"He’s got an 80 percent approval rating done by pollsters from, I understand, this country. Okay?" Trump said. "So it’s not even done by his pollsters. He’s very popular within Russia, that may change."

In a first for Donald Trump in 77 fact-checks, this claim about polling rates True.

A November study written by four American researchers backs up Trump’s point, finding about 80 percent of Russians really support Putin.

The study asked whether Putin’s popularity is real or if respondents have been lying to pollsters. A primary concern for the researchers was the possibility of "social desirability bias," the idea that a person who does not support Putin might tell a pollster that they do support him out of fear of retaliation or going against social norms.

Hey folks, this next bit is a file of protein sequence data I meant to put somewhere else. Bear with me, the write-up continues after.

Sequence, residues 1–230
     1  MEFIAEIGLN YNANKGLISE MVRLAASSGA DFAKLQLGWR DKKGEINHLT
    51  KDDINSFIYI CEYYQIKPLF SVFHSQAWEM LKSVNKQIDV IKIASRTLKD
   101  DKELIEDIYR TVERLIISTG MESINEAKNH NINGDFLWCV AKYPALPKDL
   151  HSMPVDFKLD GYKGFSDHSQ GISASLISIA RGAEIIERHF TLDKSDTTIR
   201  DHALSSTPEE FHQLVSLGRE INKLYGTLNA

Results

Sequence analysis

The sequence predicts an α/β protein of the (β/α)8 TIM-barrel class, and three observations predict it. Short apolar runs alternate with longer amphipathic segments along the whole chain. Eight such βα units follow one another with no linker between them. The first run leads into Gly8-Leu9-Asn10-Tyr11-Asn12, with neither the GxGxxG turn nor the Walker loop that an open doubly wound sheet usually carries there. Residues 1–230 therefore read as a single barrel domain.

To correct for this, the researchers used a list experiment, a technique used to broach sensitive issues because it does not require respondents to say explicitly that they do or do not support Putin. Pollsters gave Russian respondents a list of several Russian leaders and asked how many they support, but not which ones. By comparing the difference between a control group, which was presented with a list that did not include Putin, with a group that received a list that did include Putin, the researchers were able to estimate overall support for the Russian president.

After conducting four list experiments in January and March of this year, researchers concluded that the high level of support for Putin is real. If anything, their finding of 80 percent support might be an underestimate.